Journals and Letters week 20: Drama with the bishop continues
[Today we are discussing “Journals and Letters” page 181 Part V: A Record of Difficulties to page 190 bottom. Join us in reading a portion of Saint Mother Theodore’s writings every week in the coming year.]
Just when we thought things were going well for Mother Theodore “Back Home in Indiana,” things turn sour again with the bishop. I cannot imagine living with that tense and volatile relationship day after day. It must have been disheartening to say the least! Not only for Mother Theodore and the sisters, but, as we learned, even for the diocese and the priests the bishop governed.
And evidently for the bishop himself! I found poignant Alerding’s description of the bishop on p. 182: “He [the bishop] saw it [the loud dissatisfaction around him]. He felt it. He reproached himself for it. Yet his ardent and lofty spirit could not well check itself.” He, too, must have suffered from the mental and emotional illness that gripped him.
Difficulties all around
Father Corbe, appointed the ecclesiastical superior of the community, also experienced his ups and downs, as stated to the Vicar General Father Martin whom he had just visited: (p. 184) “I was tired, depressed, isolated at St. Mary’s, feeling there was no longer anyone in the world who would interest himself in me … ” But, luckily, he had a visit which “filled his heart with true joy.”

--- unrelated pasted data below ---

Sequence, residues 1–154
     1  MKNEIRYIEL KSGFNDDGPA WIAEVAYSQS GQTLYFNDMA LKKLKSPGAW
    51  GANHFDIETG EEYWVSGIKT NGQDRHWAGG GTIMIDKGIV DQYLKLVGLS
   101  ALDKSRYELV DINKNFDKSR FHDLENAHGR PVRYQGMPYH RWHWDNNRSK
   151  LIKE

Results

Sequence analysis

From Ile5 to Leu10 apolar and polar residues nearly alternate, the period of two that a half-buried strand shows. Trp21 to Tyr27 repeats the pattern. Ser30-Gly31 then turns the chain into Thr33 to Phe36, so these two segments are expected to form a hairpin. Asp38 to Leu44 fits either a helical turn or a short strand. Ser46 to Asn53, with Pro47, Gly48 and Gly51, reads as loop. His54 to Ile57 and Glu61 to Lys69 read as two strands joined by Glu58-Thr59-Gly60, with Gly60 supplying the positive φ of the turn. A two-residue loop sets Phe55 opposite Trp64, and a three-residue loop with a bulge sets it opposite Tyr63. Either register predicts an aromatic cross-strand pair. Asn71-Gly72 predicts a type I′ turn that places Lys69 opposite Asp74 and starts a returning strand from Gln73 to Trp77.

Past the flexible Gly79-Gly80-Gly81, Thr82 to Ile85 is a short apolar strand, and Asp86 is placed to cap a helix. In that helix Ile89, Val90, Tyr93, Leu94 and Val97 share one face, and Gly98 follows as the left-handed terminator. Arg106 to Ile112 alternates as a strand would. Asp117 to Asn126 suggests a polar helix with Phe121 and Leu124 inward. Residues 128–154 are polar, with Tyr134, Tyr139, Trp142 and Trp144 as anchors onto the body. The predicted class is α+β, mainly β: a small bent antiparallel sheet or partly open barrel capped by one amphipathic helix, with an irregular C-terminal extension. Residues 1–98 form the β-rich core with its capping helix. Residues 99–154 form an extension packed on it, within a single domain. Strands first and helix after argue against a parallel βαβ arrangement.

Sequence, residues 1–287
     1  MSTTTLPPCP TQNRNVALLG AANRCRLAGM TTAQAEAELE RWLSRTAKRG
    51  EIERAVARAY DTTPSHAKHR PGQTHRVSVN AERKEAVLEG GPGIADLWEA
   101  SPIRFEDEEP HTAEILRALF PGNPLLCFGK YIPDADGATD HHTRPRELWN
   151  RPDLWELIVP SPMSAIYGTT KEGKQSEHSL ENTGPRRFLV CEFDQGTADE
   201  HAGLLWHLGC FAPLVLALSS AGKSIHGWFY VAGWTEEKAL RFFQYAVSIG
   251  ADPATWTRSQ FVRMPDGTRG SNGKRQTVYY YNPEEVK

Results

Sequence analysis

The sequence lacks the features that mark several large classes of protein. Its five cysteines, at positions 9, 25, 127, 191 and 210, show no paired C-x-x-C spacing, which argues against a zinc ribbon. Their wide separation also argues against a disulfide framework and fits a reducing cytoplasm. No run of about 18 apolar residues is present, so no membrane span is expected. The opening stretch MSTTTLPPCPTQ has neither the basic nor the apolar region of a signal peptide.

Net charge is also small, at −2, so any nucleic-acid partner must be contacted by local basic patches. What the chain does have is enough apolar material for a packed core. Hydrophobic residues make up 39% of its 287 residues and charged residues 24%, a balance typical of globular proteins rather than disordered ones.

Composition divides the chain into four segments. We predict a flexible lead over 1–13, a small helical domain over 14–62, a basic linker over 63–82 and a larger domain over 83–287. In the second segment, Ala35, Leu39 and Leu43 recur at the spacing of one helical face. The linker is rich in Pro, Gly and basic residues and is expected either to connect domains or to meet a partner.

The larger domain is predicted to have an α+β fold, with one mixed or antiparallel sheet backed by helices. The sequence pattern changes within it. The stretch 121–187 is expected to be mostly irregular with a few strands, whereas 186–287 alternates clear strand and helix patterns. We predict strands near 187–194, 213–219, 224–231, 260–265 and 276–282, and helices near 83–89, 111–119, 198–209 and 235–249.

Bishop Bouvier of Le Mans listened to de la Hailandiere’s complaints about Mother Theodore and must have agonized about how to advise her. He finally landed on giving them the go ahead to return to France or to look elsewhere in the States to establish the mission.
Both Bouvier and Corbe felt convinced that the mission could not go on if Mother Theodore were not the superior (she had offered to resign), nor could they imagine the mission succeeding elsewhere. Father Corbe, as ecclesiastical superior, was desperate for Father Martin to weigh in as well on the decision that was his to make. He wrote, “I ask you as a friend. Oh, tell me frankly what you think. You know that by a single word I can decide the fate of the community at this moment.” The thought of making that decision must have weighed heavily on him.
From working in a marriage tribunal (which investigates marriage validity when couples pursue a marriage annulment) for a year, I’ve always felt that soap operas have nothing on real life! This section reminded me of the daily traumas of a soap opera, and so, we await the next episode!
Your turn to share:
What touched you as you read this section?
Is there anything that gives you courage as you experience your own daily ups and downs?
Next week > page 190 bottom to page 199
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